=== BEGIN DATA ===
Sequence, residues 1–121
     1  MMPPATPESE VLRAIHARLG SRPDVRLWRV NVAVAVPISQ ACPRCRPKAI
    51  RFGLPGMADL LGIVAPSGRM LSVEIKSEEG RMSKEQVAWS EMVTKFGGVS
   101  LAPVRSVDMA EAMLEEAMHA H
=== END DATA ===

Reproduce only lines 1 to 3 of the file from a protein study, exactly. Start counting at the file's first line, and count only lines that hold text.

Sequence, residues 1–121
     1  MMPPATPESE VLRAIHARLG SRPDVRLWRV NVAVAVPISQ ACPRCRPKAI
    51  RFGLPGMADL LGIVAPSGRM LSVEIKSEEG RMSKEQVAWS EMVTKFGGVS